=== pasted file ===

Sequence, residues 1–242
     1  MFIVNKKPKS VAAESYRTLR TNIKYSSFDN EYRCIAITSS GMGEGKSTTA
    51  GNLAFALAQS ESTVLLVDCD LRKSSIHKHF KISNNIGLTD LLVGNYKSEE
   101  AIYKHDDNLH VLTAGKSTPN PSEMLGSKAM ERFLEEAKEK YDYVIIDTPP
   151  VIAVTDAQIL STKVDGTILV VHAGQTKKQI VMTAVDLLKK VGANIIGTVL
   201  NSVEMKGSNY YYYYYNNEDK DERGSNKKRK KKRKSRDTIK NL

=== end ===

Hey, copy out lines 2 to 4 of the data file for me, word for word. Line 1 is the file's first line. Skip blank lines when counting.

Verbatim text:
     1  MFIVNKKPKS VAAESYRTLR TNIKYSSFDN EYRCIAITSS GMGEGKSTTA
    51  GNLAFALAQS ESTVLLVDCD LRKSSIHKHF KISNNIGLTD LLVGNYKSEE
   101  AIYKHDDNLH VLTAGKSTPN PSEMLGSKAM ERFLEEAKEK YDYVIIDTPP